University dorms going all out for LEDs, including changeable colours for bedrooms

Country singer Willie Nelson once wrote the lyrics turn out the lights, the party's over.

Not that he was providing advice on energy conservation. But if he was, his words would probably have fallen deaf on university students, who, at the risk of stereotyping, are probably not the most conscientious at such things, whether they're partying or not.

Now help is on the way in the UK, where a leading provider of student housing plans to upgrade all of its 120 residences with LED lighting in a £21 million, 2-year retrofit across 23 towns and cities.

The company, Unite Students, says that the more efficient LEDs will cut energy consumption by 10-to-15 percent per year, while also sparing the annual CO2 emissions equivalent of about 400 typical British households, or 2,000 tonnes per year.

Unite is working with lighting giant Philips to install about 300,000 fixtures plus 85,000 sensors and dimmers that will, among other things, adjust lighting levels accordingly when they detect that students have left or entered a room or common area.

It is placing the lights in corridors, kitchens, lounges, reception areas and outdoors. New bedroom lighting will include dimmers as well as lamps that can change colours at the push of a control (Philips 'LivingColors' brand), which will 'allow students to personalise their lighting to suit study, relaxation or socialsing,' Unite says in a press release. Something for everyone among the 41,000 students, from budding Einsteins to Casanovas (those without lava lamps, anyway).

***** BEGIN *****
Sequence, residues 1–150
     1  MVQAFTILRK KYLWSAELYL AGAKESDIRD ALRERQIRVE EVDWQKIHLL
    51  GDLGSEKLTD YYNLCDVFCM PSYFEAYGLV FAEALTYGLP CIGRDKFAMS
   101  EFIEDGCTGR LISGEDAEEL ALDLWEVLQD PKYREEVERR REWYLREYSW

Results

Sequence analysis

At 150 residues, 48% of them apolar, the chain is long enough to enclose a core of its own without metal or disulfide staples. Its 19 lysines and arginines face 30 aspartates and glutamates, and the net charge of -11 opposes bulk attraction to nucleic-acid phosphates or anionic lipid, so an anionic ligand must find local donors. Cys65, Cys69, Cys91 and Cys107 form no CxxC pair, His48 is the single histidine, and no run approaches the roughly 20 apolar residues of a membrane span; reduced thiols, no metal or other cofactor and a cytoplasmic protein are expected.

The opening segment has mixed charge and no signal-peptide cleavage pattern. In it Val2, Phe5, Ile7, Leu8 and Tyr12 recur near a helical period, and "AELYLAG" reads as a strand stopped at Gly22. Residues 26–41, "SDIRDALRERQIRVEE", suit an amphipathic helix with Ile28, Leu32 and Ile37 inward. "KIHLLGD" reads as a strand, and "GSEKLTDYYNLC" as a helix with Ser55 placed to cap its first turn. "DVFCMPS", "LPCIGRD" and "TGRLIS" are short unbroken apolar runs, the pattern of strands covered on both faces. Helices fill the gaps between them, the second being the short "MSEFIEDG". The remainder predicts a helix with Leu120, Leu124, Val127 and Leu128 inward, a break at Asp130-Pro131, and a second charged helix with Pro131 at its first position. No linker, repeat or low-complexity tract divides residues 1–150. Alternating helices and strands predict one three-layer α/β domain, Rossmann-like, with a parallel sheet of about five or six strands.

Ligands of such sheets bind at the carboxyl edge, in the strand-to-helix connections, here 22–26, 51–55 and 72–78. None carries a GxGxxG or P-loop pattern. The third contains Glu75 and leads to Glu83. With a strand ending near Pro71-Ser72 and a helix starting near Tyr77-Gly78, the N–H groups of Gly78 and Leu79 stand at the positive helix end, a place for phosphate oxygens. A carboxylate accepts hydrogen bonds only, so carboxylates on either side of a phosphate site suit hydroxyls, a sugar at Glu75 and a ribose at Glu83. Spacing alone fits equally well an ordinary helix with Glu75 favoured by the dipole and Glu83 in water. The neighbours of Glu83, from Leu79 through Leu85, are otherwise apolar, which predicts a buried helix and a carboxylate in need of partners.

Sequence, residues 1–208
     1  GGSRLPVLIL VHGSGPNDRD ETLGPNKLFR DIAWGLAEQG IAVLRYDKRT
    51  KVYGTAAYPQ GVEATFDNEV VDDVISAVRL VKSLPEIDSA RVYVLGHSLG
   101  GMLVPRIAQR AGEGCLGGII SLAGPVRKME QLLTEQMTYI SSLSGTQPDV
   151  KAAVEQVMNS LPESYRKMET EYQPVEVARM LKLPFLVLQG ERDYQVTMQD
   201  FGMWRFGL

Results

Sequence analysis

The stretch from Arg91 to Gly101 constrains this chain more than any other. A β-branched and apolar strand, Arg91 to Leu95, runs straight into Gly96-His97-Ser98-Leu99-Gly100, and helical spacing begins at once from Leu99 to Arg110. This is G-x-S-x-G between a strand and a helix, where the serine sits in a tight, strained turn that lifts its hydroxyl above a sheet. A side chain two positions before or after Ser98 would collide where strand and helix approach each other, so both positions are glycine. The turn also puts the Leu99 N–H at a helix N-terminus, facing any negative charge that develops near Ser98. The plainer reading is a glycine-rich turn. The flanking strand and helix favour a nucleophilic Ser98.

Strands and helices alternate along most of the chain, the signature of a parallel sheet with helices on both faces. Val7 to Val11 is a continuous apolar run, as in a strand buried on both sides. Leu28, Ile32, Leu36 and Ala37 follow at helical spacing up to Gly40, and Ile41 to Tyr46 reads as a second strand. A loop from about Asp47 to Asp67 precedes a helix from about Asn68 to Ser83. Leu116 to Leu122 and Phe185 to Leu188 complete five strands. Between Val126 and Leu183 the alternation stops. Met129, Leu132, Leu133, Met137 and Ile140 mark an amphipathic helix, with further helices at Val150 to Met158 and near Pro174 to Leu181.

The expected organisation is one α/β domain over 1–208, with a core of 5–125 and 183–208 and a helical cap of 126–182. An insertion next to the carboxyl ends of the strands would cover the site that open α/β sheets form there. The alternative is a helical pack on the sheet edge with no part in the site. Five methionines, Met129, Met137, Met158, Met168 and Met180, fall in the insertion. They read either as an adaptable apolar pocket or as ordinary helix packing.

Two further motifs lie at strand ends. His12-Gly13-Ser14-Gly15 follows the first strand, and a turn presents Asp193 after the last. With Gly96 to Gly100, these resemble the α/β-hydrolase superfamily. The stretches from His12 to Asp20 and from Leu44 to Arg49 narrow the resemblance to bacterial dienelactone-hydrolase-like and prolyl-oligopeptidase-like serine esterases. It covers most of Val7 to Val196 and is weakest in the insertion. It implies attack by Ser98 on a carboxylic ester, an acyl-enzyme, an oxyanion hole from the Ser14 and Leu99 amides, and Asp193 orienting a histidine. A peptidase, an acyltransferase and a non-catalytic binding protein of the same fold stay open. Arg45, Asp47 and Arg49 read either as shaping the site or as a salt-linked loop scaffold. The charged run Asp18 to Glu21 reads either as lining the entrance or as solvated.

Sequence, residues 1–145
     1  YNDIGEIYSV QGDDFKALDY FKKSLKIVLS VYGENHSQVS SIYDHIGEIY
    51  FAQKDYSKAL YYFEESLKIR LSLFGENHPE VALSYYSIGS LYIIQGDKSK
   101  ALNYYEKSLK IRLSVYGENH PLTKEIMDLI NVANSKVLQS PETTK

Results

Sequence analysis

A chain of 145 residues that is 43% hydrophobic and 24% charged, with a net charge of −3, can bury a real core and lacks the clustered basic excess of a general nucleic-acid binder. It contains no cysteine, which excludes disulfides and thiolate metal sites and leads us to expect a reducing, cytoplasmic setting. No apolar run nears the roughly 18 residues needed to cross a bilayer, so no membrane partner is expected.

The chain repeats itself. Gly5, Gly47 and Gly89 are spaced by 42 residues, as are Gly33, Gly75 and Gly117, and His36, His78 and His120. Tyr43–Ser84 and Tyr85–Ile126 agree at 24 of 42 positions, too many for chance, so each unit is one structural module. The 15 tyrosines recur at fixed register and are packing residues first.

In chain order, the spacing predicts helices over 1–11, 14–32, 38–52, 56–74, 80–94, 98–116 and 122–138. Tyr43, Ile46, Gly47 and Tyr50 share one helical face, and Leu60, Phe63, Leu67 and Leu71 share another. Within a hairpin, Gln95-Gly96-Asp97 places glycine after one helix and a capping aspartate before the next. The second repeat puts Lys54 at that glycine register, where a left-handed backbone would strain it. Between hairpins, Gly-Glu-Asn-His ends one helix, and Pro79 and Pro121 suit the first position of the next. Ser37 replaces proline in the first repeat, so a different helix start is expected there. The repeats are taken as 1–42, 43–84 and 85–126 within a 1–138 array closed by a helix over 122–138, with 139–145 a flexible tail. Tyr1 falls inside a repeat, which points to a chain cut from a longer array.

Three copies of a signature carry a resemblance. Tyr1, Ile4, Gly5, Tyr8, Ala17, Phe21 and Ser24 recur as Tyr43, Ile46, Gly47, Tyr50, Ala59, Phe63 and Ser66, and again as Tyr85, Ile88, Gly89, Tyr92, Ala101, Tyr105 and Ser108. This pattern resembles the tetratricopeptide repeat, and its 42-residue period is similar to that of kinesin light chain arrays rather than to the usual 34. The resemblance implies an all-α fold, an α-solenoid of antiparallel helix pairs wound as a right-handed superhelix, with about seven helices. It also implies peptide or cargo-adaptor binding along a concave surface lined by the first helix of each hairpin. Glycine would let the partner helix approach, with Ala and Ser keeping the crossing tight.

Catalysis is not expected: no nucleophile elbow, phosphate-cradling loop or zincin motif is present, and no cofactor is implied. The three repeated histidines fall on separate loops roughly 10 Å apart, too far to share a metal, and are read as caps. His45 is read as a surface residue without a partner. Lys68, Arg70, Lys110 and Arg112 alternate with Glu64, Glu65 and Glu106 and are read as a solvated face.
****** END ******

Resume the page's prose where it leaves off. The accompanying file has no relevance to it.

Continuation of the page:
Unite says the project should also help it save maitenance costs because LED bulbs last longer than the lighting it is supplanting.

Unite is contributing £9.6 million of the funds. The remainder comes from Unite's “co-investment partners,” the release states. The scheme is the second in recent weeks that should help upgrade lighting at UK universities.

The 10-to-15 percent energy saving is modest next to typical vendor claims that LED bulbs reduce energy needs by around 80 percent. Unite did not say what type of lighting it would typically replace, or whether it would offset some of the energy reduction by installing more lighting than what currently exists.

Fifteen percent, combined with other benefits such as physical improvements in the student environment, could well be worth crooning about.


Photo: Students at Unite's Moonraker Point residence in London's Southwark area, near King's College, could soon be smiling about lighting efficiency. Image is a screen grab from Unite's web site.